When it comes to plants that are tough as nails, few can beat daylilies, which come back year after year. “Daylilies are extremely hardy,” says Karin Walters, with Proven Winners Perennials and Walters Gardens. “They are drought-tolerant, even as young plants. They will put up with a few weeds, and you get fresh blooms every day. If you have an area in your garden where nothing else has done well, plant daylilies.”
Here’s what you need to know to grow these lovely summer-blooming flowers:
What kinds of daylilies should you plant?
Daylilies come in a rainbow of shades, some with ruffled petals, smooth petals, or long, strappy petals. They grow in USDA Hardiness zones 3 to 9 (check your zone ) and typically start blooming from early to mid-summer. Although each bloom lasts only a day (thus the name!), the overall display can last for weeks and weeks, says Walters. Some types bloom all summer long. They range from 2 to 3 feet tall and spread about 2 feet wide. Many types are fragrant.
Varieties to try:
- Going Bananas (bright yellow blooms all summer)
- Orange Smoothie (fragrant; mango color with pale rose stripe)
- Nosferatu (purple blooms with chartreuse throats)
Where can I buy daylilies?
Garden centers and nurseries sell daylilies from spring to fall. You can also find a wider selection of colors and types from online retailers. Look for plants with bright green leaves with no red or orange-y spots on the leaves, which indicates they may be infected with daylily rust, a fungus which occasionally affects these plants. They’re usually sold in pots, though a few companies sell bare root daylilies (without the soil).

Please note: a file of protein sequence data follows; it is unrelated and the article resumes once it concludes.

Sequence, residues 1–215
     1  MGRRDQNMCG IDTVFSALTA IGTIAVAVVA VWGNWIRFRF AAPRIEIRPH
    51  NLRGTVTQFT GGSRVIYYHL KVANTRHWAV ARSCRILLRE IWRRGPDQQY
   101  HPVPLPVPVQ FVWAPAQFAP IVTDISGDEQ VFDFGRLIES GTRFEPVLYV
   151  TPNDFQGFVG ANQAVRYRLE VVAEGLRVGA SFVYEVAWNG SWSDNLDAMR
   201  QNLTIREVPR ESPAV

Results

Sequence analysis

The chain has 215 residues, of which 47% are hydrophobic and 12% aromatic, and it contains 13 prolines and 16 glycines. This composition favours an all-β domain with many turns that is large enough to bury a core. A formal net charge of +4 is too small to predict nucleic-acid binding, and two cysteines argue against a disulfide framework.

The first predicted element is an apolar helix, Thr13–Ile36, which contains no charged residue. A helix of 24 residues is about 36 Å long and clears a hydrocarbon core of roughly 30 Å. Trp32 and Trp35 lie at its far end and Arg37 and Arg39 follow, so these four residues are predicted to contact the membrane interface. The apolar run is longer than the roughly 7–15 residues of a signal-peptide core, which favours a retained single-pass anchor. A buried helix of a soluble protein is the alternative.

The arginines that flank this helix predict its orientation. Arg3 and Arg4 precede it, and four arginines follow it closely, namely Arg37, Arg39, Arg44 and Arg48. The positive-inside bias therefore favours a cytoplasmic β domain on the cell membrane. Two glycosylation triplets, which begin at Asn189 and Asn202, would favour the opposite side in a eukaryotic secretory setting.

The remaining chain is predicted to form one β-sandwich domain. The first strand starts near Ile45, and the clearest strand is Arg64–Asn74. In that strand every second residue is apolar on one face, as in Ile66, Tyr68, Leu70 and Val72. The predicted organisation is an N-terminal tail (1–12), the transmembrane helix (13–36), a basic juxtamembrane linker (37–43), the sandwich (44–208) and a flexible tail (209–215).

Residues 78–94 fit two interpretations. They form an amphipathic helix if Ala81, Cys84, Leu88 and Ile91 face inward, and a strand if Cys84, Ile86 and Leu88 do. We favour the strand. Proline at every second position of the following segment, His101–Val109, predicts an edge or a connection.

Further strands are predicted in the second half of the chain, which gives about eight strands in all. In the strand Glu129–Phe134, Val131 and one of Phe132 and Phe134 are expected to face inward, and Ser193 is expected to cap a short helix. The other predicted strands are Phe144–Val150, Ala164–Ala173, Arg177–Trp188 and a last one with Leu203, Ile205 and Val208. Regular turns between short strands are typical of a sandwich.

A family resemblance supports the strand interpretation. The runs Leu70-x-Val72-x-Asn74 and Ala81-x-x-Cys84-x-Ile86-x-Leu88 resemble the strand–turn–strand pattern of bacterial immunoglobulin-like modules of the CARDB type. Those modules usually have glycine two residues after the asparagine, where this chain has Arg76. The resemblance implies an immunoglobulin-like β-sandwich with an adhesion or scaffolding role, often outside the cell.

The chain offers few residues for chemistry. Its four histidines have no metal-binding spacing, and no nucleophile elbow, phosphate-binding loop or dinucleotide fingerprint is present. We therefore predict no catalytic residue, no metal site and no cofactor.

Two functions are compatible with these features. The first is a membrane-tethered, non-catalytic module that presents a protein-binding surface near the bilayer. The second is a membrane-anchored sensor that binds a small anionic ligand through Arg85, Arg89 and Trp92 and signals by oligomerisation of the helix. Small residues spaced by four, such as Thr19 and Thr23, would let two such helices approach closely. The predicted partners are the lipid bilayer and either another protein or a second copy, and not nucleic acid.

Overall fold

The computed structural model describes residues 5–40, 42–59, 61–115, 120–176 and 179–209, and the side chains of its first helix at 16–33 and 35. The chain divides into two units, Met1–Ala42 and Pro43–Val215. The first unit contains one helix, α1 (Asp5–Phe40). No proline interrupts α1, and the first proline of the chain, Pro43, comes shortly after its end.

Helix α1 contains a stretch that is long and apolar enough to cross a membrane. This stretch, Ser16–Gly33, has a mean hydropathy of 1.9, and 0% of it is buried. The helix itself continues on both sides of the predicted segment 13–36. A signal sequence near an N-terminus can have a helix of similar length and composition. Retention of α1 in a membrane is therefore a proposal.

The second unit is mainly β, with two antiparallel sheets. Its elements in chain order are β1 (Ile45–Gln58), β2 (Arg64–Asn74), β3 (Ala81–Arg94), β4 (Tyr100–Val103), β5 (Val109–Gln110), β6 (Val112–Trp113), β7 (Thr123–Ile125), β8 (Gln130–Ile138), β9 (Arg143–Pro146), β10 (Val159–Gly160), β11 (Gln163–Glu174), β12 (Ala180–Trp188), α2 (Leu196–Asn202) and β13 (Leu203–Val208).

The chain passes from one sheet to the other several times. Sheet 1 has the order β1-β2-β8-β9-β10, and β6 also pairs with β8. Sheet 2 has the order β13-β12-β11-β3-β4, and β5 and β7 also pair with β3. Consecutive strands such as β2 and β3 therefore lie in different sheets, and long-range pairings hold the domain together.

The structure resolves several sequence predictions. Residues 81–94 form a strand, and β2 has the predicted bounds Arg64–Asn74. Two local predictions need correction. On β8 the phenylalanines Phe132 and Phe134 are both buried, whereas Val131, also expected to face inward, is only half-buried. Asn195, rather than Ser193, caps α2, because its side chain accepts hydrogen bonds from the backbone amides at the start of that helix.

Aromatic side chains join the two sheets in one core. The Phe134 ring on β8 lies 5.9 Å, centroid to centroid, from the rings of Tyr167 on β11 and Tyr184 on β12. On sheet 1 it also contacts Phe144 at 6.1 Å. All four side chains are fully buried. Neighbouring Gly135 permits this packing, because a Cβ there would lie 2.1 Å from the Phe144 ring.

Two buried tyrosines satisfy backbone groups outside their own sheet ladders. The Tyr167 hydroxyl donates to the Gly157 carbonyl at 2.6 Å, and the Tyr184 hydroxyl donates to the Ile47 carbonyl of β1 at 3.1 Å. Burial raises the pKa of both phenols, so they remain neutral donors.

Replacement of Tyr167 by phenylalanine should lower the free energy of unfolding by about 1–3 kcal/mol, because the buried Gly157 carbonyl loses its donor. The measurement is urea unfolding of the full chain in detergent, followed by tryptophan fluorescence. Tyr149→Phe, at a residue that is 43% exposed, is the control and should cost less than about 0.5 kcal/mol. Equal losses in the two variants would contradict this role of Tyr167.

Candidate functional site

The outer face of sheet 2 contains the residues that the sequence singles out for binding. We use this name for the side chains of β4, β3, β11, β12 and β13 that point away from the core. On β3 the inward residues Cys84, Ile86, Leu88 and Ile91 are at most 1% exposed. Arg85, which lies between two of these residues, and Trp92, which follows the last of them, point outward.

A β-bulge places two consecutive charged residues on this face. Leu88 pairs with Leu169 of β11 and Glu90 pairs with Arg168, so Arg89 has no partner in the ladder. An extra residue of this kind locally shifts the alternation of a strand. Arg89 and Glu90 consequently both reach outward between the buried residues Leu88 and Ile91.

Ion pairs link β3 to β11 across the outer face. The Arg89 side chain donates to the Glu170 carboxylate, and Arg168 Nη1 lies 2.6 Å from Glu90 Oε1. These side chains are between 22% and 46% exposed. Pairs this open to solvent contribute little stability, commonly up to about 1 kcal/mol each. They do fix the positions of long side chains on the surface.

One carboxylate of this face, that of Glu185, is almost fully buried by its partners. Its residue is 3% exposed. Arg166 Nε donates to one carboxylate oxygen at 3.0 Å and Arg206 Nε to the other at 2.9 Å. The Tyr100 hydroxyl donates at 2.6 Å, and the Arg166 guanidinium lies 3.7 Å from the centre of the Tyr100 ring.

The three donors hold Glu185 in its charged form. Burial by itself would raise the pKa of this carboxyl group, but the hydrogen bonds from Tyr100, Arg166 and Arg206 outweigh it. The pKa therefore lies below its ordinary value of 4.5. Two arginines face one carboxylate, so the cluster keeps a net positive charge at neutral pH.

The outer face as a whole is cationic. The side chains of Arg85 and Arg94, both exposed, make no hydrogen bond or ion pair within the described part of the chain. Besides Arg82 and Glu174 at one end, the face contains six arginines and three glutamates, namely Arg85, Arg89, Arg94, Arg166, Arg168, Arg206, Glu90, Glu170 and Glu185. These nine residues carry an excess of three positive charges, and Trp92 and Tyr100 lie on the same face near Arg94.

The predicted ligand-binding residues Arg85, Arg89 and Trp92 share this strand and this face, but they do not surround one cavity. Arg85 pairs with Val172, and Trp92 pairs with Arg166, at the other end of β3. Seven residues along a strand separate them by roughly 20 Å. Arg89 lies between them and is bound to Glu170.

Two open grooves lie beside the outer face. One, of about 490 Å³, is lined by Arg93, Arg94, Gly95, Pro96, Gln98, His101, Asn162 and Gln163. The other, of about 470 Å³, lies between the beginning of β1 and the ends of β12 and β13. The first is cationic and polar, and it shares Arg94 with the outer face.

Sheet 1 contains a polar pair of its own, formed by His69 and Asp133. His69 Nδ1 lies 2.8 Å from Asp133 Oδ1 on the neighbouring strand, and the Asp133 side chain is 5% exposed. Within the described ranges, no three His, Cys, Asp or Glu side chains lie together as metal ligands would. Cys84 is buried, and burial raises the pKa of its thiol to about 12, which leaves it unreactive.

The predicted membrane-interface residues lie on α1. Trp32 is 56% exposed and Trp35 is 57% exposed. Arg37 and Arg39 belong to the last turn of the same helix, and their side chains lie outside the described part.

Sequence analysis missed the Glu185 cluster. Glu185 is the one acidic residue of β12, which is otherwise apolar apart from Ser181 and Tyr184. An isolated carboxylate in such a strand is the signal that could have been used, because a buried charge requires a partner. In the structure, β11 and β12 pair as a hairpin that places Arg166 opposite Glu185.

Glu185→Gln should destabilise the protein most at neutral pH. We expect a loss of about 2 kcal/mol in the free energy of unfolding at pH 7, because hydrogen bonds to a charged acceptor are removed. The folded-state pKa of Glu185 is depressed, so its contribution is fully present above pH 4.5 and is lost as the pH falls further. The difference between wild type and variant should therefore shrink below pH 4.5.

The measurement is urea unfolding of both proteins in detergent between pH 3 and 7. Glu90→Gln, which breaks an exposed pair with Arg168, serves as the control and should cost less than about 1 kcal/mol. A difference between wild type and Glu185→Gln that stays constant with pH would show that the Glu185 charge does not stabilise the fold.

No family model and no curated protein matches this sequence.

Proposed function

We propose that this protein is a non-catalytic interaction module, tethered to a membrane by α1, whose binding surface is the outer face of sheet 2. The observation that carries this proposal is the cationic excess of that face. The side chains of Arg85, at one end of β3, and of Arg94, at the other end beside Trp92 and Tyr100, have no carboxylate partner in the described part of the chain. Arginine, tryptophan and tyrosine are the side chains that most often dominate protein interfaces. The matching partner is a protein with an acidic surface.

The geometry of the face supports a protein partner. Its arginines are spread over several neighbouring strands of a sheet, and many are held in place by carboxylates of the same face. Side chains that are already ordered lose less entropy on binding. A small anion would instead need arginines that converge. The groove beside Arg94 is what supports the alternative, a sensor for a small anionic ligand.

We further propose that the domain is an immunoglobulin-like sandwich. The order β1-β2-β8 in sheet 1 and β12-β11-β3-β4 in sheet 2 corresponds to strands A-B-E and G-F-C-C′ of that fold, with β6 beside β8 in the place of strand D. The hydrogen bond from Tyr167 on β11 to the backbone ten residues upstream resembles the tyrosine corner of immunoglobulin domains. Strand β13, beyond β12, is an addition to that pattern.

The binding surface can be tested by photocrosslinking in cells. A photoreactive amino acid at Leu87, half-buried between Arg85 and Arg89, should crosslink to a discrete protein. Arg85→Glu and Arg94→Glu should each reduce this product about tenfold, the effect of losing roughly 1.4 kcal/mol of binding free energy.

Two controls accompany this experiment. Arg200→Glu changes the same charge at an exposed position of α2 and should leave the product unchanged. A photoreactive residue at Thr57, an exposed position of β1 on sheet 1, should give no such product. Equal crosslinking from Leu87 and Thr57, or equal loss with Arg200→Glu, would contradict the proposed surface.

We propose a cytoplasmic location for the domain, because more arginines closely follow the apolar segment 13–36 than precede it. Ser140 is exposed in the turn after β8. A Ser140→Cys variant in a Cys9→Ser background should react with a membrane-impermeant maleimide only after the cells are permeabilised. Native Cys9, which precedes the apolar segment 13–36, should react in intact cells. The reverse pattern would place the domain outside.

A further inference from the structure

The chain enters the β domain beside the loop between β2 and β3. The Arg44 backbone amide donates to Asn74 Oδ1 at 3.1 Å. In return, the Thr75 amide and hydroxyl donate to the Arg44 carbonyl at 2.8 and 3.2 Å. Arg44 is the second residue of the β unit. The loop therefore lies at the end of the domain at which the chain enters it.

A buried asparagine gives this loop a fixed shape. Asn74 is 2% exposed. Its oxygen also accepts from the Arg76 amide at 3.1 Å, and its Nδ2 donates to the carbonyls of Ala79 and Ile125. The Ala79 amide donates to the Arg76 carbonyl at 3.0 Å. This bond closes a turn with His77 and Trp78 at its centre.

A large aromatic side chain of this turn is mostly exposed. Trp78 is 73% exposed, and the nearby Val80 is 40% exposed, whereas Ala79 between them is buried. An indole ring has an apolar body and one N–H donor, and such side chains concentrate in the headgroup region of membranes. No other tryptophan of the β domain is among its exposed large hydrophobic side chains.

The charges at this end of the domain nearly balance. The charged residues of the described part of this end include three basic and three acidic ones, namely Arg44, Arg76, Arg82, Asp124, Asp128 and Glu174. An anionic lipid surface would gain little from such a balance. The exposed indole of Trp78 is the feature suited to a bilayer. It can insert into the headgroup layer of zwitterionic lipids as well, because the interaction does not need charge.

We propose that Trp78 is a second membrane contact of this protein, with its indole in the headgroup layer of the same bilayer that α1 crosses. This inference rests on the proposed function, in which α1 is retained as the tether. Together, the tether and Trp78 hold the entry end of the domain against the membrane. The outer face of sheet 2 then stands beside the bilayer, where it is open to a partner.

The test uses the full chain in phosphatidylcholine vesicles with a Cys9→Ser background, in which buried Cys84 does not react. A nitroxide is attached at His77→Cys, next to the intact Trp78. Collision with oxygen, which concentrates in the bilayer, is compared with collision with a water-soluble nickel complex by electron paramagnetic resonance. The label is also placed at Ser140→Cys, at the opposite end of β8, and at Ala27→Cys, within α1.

When should I plant daylilies?
Ideally, spring or fall is the best time to plant daylilies when the temperatures are mild and rainfall is plentiful. But these plants are super-hardy, so you can even put them in the ground in the heat of summer; just make sure to water them because low-maintenance doesn’t mean no maintenance, says Walters.
How do I plant daylilies?
Daylilies can handle most types of soil (another reason to plant them!), so you don’t have to worry about tough garden conditions such as clay or sandy soils. They prefer full sun, so find a spot in your garden that gets at least four to six hours of direct sun per day. They won’t bloom well in shade. Dig a hole slightly larger than the pot, then place the plant in the hole at the same level as it was in the pot. If you’re planting bare roots, spread out the roots, and fill in with soil. Water plants for the first few weeks until they get established. They don’t need fertilizer, though it’s fine to add a balanced slow-release granular type in the spring to give them a little boost.
How do I care for daylilies?
They don’t need a lot of care, which is the exact reason you should plant them if you’re not into fussy plants. Be patient: They tend to get bigger and better every year. You can deadhead (or remove the spent blooms) if you want, but it won’t make them bloom more as it does for some other plants; it just neatens up the garden, says Walters. Once the flowers fade, it’s fine to cut out the brown stalks, too, if you don’t like the look of them. But again, you can leave everything alone until late fall before tidying up, or wait until next spring to remove the brown leaves and stalks. After three or four years, divide the plants if they start to appear overcrowded. Simply take a piece off the edge with a garden spade, and replant elsewhere.
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